jAY Z attends JAY Z and Samsung Mobile's celebration of the Magna Carta Holy Grail album, available now through a customized app in Google Play and Samsung Apps exclusively for Samsung Galaxy S 4, Galaxy S III and Note II users on July 3, 2013 in Brooklyn City. (Photo by Larry Busacca/Getty Images for Samsung)

In 2003, Brooklyn-rapper-turned-international-icon Jay-Z dropped one of his greatest works and what was then billed as his final album, The Black Album.

A full decade later, the hip-hop mogul offers fans his self-proclaimed “magnum opus,” his 12th solo studio album, Magna Carta…Holy Grail.

On his most recent album, there are two conflicting images of Jay-Z: The pompous and flamboyant rap superstar and the sincere artist who is conscious of his own faults and aware of the negativity that fame and fortune attracts.

On one hand, the 43-year-old’s latest album plays out like an aural trophy case; Mr. Carter vainly pointing out his prized achievements and expounding, quite often and in great detail, why he’s music’s créme de la créme.

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Highbrow references and elite production are in abundance

On track eight, aptly titled “Crown,” Hov illustrates his importance to the hip-hop genre and rise to prominence by rapping:

“You in the presence of a king, scratch that, you in the presence of a God / put in the belly of the beast, I escaped, a ni**a never had a job.”

MCHG offers up a lot of familiarity to fans: Highbrow references, elite production and reflective ‘started-from-the-bottom-now-we’re-here bars’ that listeners have grown accustomed to hearing for decades.

On most of the album, he’s rhyming not just confidently, but arrogantly, about everything from becoming a legitimate force in the sports world (“Crown”) to labeling himself rap’s savior (“Heaven”) to owning high-end, designer clothes (“Tom Ford”) and becoming “new money” (“Somewhere in America”).

And while more than a substantial amount of this album is bombastic, there are moments, layered underneath the seemingly-infinite amount of braggadocio, where Jay-Z offers listeners handfuls of substance.

Jay-Z raps as father, husband and businessman 

On the Justin Timberlake-featured opener, “Holy Grail,” which pays lyrical homage to Nirvana’s anthem “Smells Like Teen Spirit,” the two stars discuss the beauty and ugliness of fame while the outro, “Nickels and Dimes,” sees the rapper pondering his genuineness when assisting those looking for handouts because of said celebrity.

“Oceans” sees Jay and guest vocalist Frank Ocean expressing their disdain for multiple water-related events in American history, including the Trans-Atlantic slave trade, Hurricane Katrina and the BP oil spill.

In other places, MCHG shows Jay-Z acknowledging his dual role as father and husband.

On “Jay-Z Blue” the rapper details the difficulties of being a dad while also juggling a top-tier rap career and multiple business ventures, and “La Famila” sees Mr. Carter defending his better half by responding to a Lil’ Wayne line where the New Orleans emcee subliminally implied that he’d kidnap Beyoncé and hold her for ransom.

“Ni**s wanna kidnap wifey, good luck with that bruh / you must gon’ hide ya whole family, what you think we wearing black for?”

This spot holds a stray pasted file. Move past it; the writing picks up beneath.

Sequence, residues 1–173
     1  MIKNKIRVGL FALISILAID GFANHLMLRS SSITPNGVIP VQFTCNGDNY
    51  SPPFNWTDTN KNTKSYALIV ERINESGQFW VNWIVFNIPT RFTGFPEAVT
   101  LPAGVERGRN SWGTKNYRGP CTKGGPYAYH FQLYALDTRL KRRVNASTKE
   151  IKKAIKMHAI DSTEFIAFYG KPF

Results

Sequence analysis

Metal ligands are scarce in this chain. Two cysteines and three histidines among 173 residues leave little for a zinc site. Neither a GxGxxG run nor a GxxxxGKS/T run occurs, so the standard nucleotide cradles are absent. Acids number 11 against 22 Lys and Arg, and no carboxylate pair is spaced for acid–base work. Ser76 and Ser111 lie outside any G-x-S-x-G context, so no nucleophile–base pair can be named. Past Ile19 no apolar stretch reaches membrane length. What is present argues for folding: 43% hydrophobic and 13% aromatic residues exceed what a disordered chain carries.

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In a genre that was built on the belief that being authentic is always the best practice, it’s interesting to see how many music critics and fans alike toss criticism at Jay-Z for rapping about his real-life exploits.

Crucifying Jay-Z for the same thing people praise Drake and Kanye West for is duplicitous at best.

Yes, a large portion of the album’s subject matter is over the top, but isn’t Jay-Z’s life? Does that make the music any less enjoyable?

Not really.

Grown man thoughts

Songs like the gritty, Boi-1da-produced “F**kwithmeyouknowigotit,” featuring a spotlight-stealing performance from Rick Ross, and the Robin Thicke “Blurred Lines”-esque posse cut “BBC,” featuring Nas, Swizz Beatz, Pharrell, Timbaland, Beyoncé and Timberlake are both instantly infectious.

Jay also collaborates with his wife on MCHG standout “Part II (On the Run),” a slow, melodic rap ballad that gives the album a refreshing change of pace while offering a rare, heartwarming moment that shows the couple’s personal life spilling over into their art.

Ignoring the flashiness and magnificence of the MCHG rollout is mission impossible: The partnership with Samsung for an insanely short (three weeks), yet grand album promo run, commercials during NBA Finals games, unveiling of the album cover next to one of four remaining original Magna Carta documents, which the album was named after, and selling a million copies prior to its Independence Day release to Samsung owners.

And like his good friend Kanye West did with his most recent album, Yeezus, Jay-Z made a statement, deliberately or not, that his name alone was enough to build hype for an album.

Still, despite the grandiose presentation and nontraditional delivery of the album, MCHG is a quality Jay-Z release that falls in line with his above-average track record.

While it’s not Reasonable Doubt or The Blueprint, and probably not even the best rap release of the year, MCHG is definitely proof that Mr. Carter still has something to offer in the realm of hip-hop, and music as a whole.

Brandon Neasman is a freelance writer who has penned articles for both national and regional publications, including usweekly.com and the Hard Rock Hotel’s Las Vegas magazine. A graduate from Florida A&M University, Brandon is an editor at mostlyjunkfood.com and a graphic designer for the Gannett Company, Inc. You can follow him on Twitter at @Bnease.